Some D.C. murders have no leads; Frank Kearney’s and José Phelps’s latest just might have too many. The victim, investigative journalist Mary Keegan, had in her day ruffled feathers from Moscow to Tashkent to Capitol Hill. Her latest project—a book on famous sons of famous fathers—profiles not only Kennedy-era Secretary of State Charles Trevor and his undersecretary son David, but real estate mogul John Sheffield and his druglord dad Lamar. But the 20-year partners zero in on one striking clue: the corpse’s severed pinky. It’s all too similar to the missing digit in a case two deadbeat colleagues, Henry (Cold Case) Coleman and Leon Janowitz, have back-burnered: the stabbing in Rock Creek Park of Susan Boukedes, senior American employee at the Greek embassy. By linking the two cases, Kearney and Phelps (A Murder of Honor, 2000) uncover a trail of cyberstalking through the women’s Internet provider, LORE.COM, a New Age startup that runs online games based on Arthurian legend. When the media, led by talking-head Hugh Worsham, learn of the Keegan-Boukedes connection, their cry of “serial killer” sends Kearney’s and Phelps’s risk-aversive boss, Randolph Emerson, into the stratosphere. But Kearney and Phelps are worried about more than bad press; they know that a real serial killer won’t stop till he’s caught.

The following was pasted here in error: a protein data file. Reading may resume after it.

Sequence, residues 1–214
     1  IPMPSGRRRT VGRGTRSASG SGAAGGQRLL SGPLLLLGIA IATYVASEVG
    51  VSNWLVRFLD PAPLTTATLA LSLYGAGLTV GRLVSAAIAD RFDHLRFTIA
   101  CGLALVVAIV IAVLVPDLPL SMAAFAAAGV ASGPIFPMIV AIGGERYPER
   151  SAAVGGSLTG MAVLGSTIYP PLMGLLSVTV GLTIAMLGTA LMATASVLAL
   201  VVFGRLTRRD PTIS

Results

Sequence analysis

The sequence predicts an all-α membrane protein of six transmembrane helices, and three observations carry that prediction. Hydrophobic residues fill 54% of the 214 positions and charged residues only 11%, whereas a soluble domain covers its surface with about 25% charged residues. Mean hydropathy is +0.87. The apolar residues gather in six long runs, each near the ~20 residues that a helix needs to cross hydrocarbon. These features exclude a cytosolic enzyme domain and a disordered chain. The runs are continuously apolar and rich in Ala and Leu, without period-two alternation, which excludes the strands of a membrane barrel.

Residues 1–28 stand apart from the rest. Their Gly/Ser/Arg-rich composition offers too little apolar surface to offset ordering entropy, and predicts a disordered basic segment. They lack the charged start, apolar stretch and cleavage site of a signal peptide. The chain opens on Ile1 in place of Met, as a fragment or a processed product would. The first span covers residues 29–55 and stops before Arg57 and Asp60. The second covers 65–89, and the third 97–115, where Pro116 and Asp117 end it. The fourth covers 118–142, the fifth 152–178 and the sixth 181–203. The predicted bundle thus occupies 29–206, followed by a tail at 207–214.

Almost a grand slam, but Andrews trumps his own ace, trashing his own careful clueing by pushing his climax for one jolt too many.